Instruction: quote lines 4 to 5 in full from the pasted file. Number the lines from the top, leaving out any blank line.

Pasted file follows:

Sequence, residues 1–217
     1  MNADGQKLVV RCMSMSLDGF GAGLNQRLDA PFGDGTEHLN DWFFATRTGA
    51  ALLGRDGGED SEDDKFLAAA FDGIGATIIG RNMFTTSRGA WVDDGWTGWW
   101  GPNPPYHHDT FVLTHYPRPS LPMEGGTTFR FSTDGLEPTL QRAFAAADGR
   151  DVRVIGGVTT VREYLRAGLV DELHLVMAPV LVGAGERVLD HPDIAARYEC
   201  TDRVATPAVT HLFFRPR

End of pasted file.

   101  GPNPPYHHDT FVLTHYPRPS LPMEGGTTFR FSTDGLEPTL QRAFAAADGR
   151  DVRVIGGVTT VREYLRAGLV DELHLVMAPV LVGAGERVLD HPDIAARYEC